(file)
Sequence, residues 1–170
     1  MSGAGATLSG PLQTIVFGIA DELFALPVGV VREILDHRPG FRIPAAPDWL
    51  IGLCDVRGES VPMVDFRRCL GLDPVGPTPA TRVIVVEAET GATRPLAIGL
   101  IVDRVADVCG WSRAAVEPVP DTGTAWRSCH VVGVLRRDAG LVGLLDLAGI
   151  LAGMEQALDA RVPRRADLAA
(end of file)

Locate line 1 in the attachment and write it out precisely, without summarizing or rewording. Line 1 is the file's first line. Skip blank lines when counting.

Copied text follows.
Sequence, residues 1–170